Latest Emerging Market Viewpoints
From Matt Linsey and the North of South Capital team
There has been a great deal of confusion over the past year and a half regarding the exact meaning of many pronouncements coming from the Trump administration regarding foreign policy. The turnover of senior staff, particularly the recent departure of Secretary of State Tillison, has only added to this level of uncertainty.
Despite the short term unpredictability of the administration we remain convinced that they have four clear foreign policy objectives, all of which have implications for our markets of varying degrees.
The first was the elimination of ISIS as a functioning entity. This required the cooperation of Russia given their significant presence in the region. From a market perspective there was very little impact as it was accomplished over a fairly short period of time.
The second objective is to reduce the level of the nuclear threat from North Korea. This has required the cooperation of China, as well as Japan and South Korea. Trump’s initial bluster did worry some in the media, although the markets remained relatively calm. Now that it appears that the possibility of a deal could be reached, the South Korean market, and China plays in particular, have reacted positively.
Our view is that pressure from China on hard currency remittances from North Korea has forced Kim to the negotiating table. This serves China’s interest as their ultimate goal is to prevent the unification of Korea. If there was actually a war, and Trump’s rhetoric regarding Kim certainly got their attention, the end result would certainly be the reunification of Korea under the South’s leadership. For China this remains a very emotional issue. Not only did two million Chinese troops die during the Korean War, they clearly do not want a Western power on their border, especially one with U.S troops present.
The irony is that having moved fairly quickly on North Korea, with the help of the Chinese, the Trump administration has begun to focus on their third main foreign policy objective. This is the renegotiation of trade deals as well as the slowing, and in some cases, elimination of the transfer of certain technologies to China. We view this aspect of Trump’s foreign policy as having the most impact on our markets.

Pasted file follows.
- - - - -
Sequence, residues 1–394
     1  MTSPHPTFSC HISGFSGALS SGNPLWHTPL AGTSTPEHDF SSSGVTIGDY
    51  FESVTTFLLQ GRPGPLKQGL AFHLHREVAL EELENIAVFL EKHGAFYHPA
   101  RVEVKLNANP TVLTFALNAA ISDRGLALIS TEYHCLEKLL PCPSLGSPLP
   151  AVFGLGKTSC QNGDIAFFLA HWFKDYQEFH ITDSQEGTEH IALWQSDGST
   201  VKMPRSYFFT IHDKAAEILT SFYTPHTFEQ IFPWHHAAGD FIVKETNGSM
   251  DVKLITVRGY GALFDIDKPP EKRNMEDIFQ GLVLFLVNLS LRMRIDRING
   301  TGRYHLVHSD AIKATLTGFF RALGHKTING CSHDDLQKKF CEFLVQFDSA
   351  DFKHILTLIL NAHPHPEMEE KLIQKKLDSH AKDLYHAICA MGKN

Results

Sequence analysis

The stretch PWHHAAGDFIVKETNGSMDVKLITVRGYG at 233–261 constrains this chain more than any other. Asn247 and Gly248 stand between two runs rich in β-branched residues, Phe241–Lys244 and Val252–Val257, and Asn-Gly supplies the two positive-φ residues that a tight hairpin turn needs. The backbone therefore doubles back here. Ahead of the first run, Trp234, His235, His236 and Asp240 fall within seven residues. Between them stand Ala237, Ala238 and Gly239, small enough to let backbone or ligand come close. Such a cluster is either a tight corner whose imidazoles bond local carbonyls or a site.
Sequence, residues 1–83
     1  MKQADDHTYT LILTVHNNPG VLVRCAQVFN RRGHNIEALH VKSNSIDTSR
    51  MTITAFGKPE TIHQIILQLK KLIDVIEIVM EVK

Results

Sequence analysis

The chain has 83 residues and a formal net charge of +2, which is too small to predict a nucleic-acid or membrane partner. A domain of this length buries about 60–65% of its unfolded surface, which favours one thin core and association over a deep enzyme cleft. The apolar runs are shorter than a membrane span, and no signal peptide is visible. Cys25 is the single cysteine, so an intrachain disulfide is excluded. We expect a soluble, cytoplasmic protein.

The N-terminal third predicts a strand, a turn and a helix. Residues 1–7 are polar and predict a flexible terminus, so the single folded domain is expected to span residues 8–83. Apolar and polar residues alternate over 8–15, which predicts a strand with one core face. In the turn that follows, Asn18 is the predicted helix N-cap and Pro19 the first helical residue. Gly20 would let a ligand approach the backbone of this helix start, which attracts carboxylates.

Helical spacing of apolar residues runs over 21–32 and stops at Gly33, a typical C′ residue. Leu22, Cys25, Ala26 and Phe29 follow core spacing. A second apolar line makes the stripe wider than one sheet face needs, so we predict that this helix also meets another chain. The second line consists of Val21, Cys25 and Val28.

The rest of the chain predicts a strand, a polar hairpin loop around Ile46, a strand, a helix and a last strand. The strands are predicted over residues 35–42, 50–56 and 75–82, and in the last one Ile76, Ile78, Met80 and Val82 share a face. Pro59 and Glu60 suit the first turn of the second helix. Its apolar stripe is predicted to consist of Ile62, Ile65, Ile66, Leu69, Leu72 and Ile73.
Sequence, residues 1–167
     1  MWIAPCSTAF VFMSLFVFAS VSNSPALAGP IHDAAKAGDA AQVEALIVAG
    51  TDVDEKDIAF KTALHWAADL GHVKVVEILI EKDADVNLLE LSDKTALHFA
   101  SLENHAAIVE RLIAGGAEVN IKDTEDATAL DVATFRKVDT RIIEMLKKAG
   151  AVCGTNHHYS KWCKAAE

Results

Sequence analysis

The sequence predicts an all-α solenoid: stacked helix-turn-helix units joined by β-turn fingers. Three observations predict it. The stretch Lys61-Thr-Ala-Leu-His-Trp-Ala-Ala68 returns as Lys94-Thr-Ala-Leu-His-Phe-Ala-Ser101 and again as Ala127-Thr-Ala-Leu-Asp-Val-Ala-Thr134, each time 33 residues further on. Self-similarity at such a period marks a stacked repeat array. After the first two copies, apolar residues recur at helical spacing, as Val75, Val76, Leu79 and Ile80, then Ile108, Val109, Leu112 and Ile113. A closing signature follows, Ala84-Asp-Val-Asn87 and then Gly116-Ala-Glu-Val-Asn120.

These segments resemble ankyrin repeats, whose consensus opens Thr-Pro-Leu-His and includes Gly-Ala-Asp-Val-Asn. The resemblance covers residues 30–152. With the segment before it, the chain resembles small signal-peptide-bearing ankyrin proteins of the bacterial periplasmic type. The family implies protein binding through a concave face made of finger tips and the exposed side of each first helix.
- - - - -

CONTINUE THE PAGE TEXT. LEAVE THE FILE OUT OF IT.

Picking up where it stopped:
While the renegotiation of NAFTA has been well flagged and discounted by the market, recent moves to raise tariffs on China were unexpected by most observers. Even more unanticipated were the attempts to stop the importation of 5G technology into the Chinese market as well possible sanctioning of the Chinese technology company Huawei.
Our base case has been that we would avoid a trade war, unless we start to see a significant slowdown in the U.S. economy, although this will not be before both sides engage in verbal brinkmanship that could frighten investors. China has made a number of concessions such as reducing tariffs on imported autos that could potentially benefit a number of stocks in our portfolio.
At the same time we remain convinced that the Trump administration is quite serious on the transfer of certain technologies to China, which could have fairly negative implications for specific stocks. Given this risk we would be reluctant to be long those companies that have investments in China which are critically dependent on imported technologies. The good news for many Taiwanese companies is that their government has been well ahead of the U.S. in limiting the export to China of exactly this sort of expertise.
And finally, we believe that the renegotiation or even possible elimination of the Iran nuclear deal is the fourth key tenet of the Trump administration. This is evidenced by the recent appointments of Mike Pompeo and John Bolton to very senior roles. Both have been highly critical of Obama’s deal with Iran. If Trump were to abrogate the agreement then the risk of Iran moving quickly to develop nuclear weapons would become very real. This would have major implications for the oil market as fears would grow that Saudi Arabia would also move to develop their own nuclear capability.
The most effective way for the Trump administration to curtail Iran’s progress would be to enlist the help of Russia. Although this might seem unlikely given the recent implementation of sanctions on Russia by the West, we believe it remains a distinct possibility. It is certainly not possible until the Mueller investigation into possible ties between the Trump campaign and Russia has run its course. If it concludes without implicating Trump then we would expect sanctions to be lifted in a fairly short time period, possibly three to six months, to garner Russia’s assistance on containing Iran. This would not be expected by the market and would have a very positive impact on Russian asset prices.
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